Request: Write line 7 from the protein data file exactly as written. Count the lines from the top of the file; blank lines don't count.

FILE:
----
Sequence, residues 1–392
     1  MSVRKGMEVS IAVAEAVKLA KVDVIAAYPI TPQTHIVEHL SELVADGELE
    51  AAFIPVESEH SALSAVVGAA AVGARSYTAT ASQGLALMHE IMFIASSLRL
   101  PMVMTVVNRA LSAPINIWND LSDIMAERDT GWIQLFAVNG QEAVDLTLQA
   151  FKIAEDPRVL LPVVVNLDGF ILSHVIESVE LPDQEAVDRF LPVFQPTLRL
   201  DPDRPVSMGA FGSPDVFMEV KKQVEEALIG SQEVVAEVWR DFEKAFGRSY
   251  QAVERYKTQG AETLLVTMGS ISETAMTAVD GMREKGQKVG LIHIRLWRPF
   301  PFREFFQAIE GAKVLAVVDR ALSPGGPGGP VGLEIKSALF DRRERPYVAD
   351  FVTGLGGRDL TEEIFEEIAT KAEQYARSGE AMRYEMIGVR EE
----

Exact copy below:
   251  QAVERYKTQG AETLLVTMGS ISETAMTAVD GMREKGQKVG LIHIRLWRPF